"United we bargain, divided we beg."

Thursday, November 19, 2009

Look! Up in the Sky! It's a Bird, It's a Plane, It's.....


A flying calf hutch!


We knew the windstorm was coming. We took precautions. As usual, we parked a car next to the trampoline and chained them together (this is since the trampoline hit the roof year before last). We brought in the kiddie pool (which we have fetched from the neighbor's field once already), loose tarps, anything like that.

But it just never occurred to me to tie down the calf hutch. For those city folks among you, a calf hutch is about nine feet in diameter and maybe four feet high. Weighs perhaps 100 pounds. Looks like a UFO as it is gliding silently over three fences and across a state highway.

It's back. And tied down. There's another windstorm predicted tonight.

7 comments:

Olive said...

Hi Aimee, Here in Oz we don't have a hutch for calves This is the first time I've heard of one. Are they used as a feeding station or for weather protection?
You must have had a "fun" time retrieving it !! Sorry, but I have to admit I laughed at your story and you probably don't think its funny !!
No doubt you will think so when you recall the drama in a few years time.
My husband asked me where do you live and I showed him the pictures on the side of your blog...near Mt. Baker, but in which state? Funny that, we live near Mt Barker South Australia

Kim C. said...

Good lord! I'm glad it didn't come in through back door. This wind is making me nutso. Enough already!
Hope you all are in same place tomorrow AM -- I'm hoping to not be sleeping with a fir tree...

Q said...

Oh my goodness you had one heck of a wind storm.
Sending calm breezes!
Sherry

Aimee said...

Hi Olive,
Calf hutches are actually sad. On a commercial dairy, the calves are separated from their mothers very early and chained inside these plastic hutches. At large dairies there are rows and rows of them. To tell the truth I have no idea what happens to dairy breed calves, but I don't think they have a very nice life. Or a very long one. I bought a used calf hutch off Craigslist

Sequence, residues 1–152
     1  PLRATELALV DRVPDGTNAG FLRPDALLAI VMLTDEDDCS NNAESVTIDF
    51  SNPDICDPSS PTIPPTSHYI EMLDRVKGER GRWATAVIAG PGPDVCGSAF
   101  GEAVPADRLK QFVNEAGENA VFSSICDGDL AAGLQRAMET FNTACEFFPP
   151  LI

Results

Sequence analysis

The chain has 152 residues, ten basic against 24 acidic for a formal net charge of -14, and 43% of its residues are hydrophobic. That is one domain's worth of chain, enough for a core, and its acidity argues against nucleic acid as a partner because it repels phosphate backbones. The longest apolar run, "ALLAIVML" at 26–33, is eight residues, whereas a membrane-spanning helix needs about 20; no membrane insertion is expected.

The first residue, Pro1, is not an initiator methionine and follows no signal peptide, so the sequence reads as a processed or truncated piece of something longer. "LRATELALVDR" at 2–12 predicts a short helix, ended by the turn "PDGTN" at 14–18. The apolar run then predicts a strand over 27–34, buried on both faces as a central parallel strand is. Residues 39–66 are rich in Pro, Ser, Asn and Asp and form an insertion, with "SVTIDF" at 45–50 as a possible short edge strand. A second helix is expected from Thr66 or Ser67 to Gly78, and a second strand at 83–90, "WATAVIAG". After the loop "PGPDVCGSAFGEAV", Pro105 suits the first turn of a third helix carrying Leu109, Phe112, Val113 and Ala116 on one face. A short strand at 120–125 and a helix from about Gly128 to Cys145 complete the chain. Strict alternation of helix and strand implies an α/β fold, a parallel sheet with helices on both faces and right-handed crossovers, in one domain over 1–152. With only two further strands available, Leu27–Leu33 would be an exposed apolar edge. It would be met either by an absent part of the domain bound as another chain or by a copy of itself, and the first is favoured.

because it is just the right size for a small herd of goats to take shelter in and much cheaper than building something the same size.
I live in Washington State, just a few miles from the canadian border and very near the ocean. It's very beautiful here, but also very wet.
Kim - good luck! Hope you pulled through all right!
Thanks Q!

Gail V said...

Hi Aimee,
I have two of the same calf huts for little groups of sheep in rotating pastures. They've been great in our MN winter just to keep the wind and precip off. Not good in summer-- they're hotter inside than out, and the grass grows better in them.
My hutches usually move across the field because my horned Shetlands like to bash them. In winter, they skitter across icy fields! Some battering rams ONLY get calf huts, because they can dent but not break them.

roundaboutacres said...

Hi Aimee - I found your blog through Gail V.'s blog. We, too, are new to farm life. It is always an adventure! We bought a calf hut a few months ago. I wondered if the wind would be an issue... Now I know! I have it with my Finn flock. I better go tie it down! I look forward to reading more of your adventures. ;-)

Aimee said...

thanks roundabout! Hope you are enjoying it!